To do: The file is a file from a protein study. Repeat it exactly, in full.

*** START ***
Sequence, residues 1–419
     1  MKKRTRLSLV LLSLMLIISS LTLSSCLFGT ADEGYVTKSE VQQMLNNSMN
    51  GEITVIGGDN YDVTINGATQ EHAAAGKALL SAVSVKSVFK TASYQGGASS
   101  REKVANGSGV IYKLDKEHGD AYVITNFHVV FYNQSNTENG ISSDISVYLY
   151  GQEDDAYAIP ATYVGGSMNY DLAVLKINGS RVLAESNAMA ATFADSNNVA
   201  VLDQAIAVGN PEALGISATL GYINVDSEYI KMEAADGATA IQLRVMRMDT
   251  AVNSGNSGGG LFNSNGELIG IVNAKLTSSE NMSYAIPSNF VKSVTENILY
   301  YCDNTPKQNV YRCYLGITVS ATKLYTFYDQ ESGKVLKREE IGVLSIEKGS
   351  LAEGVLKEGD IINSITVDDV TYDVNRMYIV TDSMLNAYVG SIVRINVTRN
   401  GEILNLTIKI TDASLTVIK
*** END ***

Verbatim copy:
Sequence, residues 1–419
     1  MKKRTRLSLV LLSLMLIISS LTLSSCLFGT ADEGYVTKSE VQQMLNNSMN
    51  GEITVIGGDN YDVTINGATQ EHAAAGKALL SAVSVKSVFK TASYQGGASS
   101  REKVANGSGV IYKLDKEHGD AYVITNFHVV FYNQSNTENG ISSDISVYLY
   151  GQEDDAYAIP ATYVGGSMNY DLAVLKINGS RVLAESNAMA ATFADSNNVA
   201  VLDQAIAVGN PEALGISATL GYINVDSEYI KMEAADGATA IQLRVMRMDT
   251  AVNSGNSGGG LFNSNGELIG IVNAKLTSSE NMSYAIPSNF VKSVTENILY
   301  YCDNTPKQNV YRCYLGITVS ATKLYTFYDQ ESGKVLKREE IGVLSIEKGS
   351  LAEGVLKEGD IINSITVDDV TYDVNRMYIV TDSMLNAYVG SIVRINVTRN
   401  GEILNLTIKI TDASLTVIK